The President of the Irish Medical Organisation has expressed "serious concern" about the rise of the anti-vaccination movement.
A recent UN report revealed the number of measles cases in Ireland grew by 244% last year - from 25 cases in 2017 to 86 last year.
There have been 48 cases of the disease reported so far this year.
One case of measles could infect up to 18 people.
The HSE advises that the MMR (measles, mumps and rubella) vaccine is the safest and most effective way to protect against it.
IMO President Dr Padraig McGarry said vulnerable parents are being swayed by bogus anti-vax articles shared on social media.
He explained: "We have seen a significant rise in populism across the Western world in recent years, from which Ireland is not immune.
"With that populism has come a blind faith in ludicrous theories that do nothing but cause harm to people.
"The rejection and devaluing of evidence-based medical knowledge will make more people sick and endanger lives.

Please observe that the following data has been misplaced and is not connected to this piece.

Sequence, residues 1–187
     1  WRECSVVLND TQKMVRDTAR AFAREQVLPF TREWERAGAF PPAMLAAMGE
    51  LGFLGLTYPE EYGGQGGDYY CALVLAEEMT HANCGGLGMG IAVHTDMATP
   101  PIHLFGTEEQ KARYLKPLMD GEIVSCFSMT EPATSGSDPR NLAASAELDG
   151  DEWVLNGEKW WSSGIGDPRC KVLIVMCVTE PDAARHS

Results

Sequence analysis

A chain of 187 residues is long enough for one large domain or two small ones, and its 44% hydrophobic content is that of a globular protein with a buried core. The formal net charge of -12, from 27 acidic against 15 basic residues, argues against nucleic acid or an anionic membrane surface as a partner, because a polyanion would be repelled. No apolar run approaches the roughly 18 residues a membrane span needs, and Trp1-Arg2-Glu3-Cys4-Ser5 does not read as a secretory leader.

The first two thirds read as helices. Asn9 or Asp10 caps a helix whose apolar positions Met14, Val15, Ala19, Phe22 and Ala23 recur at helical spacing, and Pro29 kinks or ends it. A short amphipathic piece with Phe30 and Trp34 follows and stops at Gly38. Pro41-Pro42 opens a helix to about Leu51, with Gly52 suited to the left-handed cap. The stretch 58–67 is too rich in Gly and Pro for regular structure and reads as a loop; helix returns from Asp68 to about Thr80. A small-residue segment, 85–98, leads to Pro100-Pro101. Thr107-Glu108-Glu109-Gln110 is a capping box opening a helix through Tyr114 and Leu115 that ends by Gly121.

"It is up to all of us to fight this misinformation at every turn."
He said parents holding back on the MMR vaccine results in children being exposed to the diseases the jab protects against.
Dr McGarry added: "Social media’s dark side is real, and it is important that these lies are challenged swiftly and effectively to protect people around the country.
"It is obvious that in light of this trend, we can no longer take the gains of medicine and science for granted."
Last week, the Government indicated it is considering making vaccines for children mandatory.
Health Minister Simon Harris has written to the Attorney General this week seeking legal advice on the matter.